For entrepreneurs looking to set up shop or invest in Downtown Long Beach, there are a number of assistance programs at their disposal. This includes city resources, as well as those provided by the nonprofit Downtown Long Beach Alliance (DLBA) and the Small Business Development Center (SBDC) hosted by Long Beach City College.
On the municipal side, many programs now available to businesses and investors are a result of the Long Beach Economic Development Blueprint adopted in 2017. The blueprint outlines a 10-year strategy to engage and enhance Long Beach’s commercial ecosystem. John Keisler, director of economic and property development for the city, summed up his department’s mission like so: “Really, our job is to help people make more money.”
Established in collaboration with city staff and the Long Beach Economic Development Commission, the blueprint identifies three types of earners: workers, business owners and investors. Goals are set by the city for each of these earner types:
- for workers, providing “more fulfilling, higher-wage job opportunities”;
- for investors, creating a “can do” economic climate that fosters healthy competition;
- for entrepreneurs, cultivating “an innovative ecosystem that lays a foundation for success from business start up to growth.”
Keisler told the Business Journal that the city has since designed a number of programs to fulfill these goals. “No matter how you make your money, you can come to Long Beach and you can do it,” he said.
In January, the City of Long Beach launched the Kiva program, a microfinancing resource for entrepreneurs without access to traditional loans. With 0% interest and no fees, Kiva enables business owners to obtain small loans from a crowdfunding platform that are then matched dollar-for-dollar by the city. “This is for the person who does not necessarily have good credit [but] may not need a whole lot of money,” Seyed Jalali, economic development officer for the city, explained.
Kiva Long Beach is a public-private partnership between the city, national non-profit Local Initiatives Support Corporation, and 13 different organizations in Long Beach that act as the program’s trustees. Jalali said that Kiva allowed the city to fill a gap in its existing micro-loan program, which did not extend to loans below $25,000. “We were never able to catch those individuals who really didn’t need that much, or could afford that much,” Jalali said. “So $5,000 or $2,500 to buy a hot dog cart, how do you address that?”
For larger investors, the city is introducing a new tool for 2019: federal Opportunity Zones. These zones are defined as economically-distressed communities where new investments, under certain conditions, are eligible for preferential tax treatment. Created by the Tax Cuts and Jobs Act of 2017, 19 such zones (identified by census tract) exist in the City of Long Beach – some of which overlap the downtown area. “It offers tax breaks to investors who revitalize in certain urban areas and along major business corridors,” Becky Blair, president and principal of Coldwell Banker Commercial BLAIR WESTMAC, explained. “It’s a very complex program, but experienced developers and investors will be interested.”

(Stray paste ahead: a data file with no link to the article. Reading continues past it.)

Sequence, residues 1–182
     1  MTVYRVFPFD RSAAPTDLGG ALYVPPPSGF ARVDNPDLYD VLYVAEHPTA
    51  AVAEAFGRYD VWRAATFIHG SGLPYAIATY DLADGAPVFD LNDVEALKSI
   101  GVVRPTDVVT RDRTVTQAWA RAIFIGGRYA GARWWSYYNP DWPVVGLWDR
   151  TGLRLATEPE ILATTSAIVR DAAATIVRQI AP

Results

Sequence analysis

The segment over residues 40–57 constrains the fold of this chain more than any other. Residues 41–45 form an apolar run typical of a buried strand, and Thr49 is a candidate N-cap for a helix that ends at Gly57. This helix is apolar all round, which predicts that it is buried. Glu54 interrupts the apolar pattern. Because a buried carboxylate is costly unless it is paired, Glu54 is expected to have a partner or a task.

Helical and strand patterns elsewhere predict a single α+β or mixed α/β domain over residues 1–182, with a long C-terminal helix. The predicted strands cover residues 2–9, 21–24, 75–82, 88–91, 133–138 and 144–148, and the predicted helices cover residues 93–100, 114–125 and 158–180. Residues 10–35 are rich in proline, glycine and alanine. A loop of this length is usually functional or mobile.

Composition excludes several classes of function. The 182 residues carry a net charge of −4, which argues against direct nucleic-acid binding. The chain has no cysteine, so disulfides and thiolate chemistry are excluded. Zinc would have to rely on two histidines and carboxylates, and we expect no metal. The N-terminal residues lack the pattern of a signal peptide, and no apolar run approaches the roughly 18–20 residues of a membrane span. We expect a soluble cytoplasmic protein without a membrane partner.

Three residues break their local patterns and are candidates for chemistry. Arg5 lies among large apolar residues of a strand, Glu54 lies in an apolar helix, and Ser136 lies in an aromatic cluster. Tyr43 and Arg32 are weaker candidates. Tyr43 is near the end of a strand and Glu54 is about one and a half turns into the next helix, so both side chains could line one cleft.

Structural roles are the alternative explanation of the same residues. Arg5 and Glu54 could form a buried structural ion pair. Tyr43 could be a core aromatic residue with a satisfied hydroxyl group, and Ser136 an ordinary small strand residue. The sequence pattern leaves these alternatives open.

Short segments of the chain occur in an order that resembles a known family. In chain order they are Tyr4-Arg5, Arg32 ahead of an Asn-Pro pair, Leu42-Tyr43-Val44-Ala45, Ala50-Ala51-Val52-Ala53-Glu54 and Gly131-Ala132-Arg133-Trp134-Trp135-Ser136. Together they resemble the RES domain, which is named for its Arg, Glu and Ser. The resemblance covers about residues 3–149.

Through this program, capital may be invested in opportunity funds dedicated to improving these distressed areas. After five years, the tax rate for capital gains on these funds is reduced by 10%. After 10 years, 100% of capital gains are forgiven on the property, Keisler said. “It’s a major opportunity for real estate investment in the coming year.”
Another useful tool for both businesses and residents is the city’s Economic Insights Dashboard (dashboards.mysidewalk.com), an interactive resource for analyzing key metrics in the city. The online resource allows users to research current statistics on population, economy, housing, transportation and health. The information is synced with national databases that are updated automatically, Keisler said, so it will always be as up-to-date as possible. The dashboard is a means of measuring the success of city’s blueprint, he went on, and also functions as DIY consumer market research for investors and developers.
Like Kiva, StartitUp is a public-private partnership designed to get new businesses on their feet. Long Beach was the first city in the United States to offer this mobile app, both a “pocket coach” and roadmap to help new entrepreneurs build a sustainable business plan, obtain financing and avoid common pitfalls. “StartitUp is an incredible story of how we’re leveraging technology to help entrepreneurs get the support they need in an efficient way,” Keisler said.
The app was developed in partnership with Long Beach’s Small Business Development Center (SBDC), which is hosted by Long Beach City College (LBCC). Sheneui Weber, chief operating officer for LBCC’s College Advancement and Economic Development program, said that SBDC was interested in finding a way to help new businesses off the clock. “Everything we do is face to face,” Weber explained of the SBDC, which provides daily workshops and business advising to hopeful entrepreneurs. “The problem is, we’re only here eight hours a day. Entrepreneurs don’t sleep.”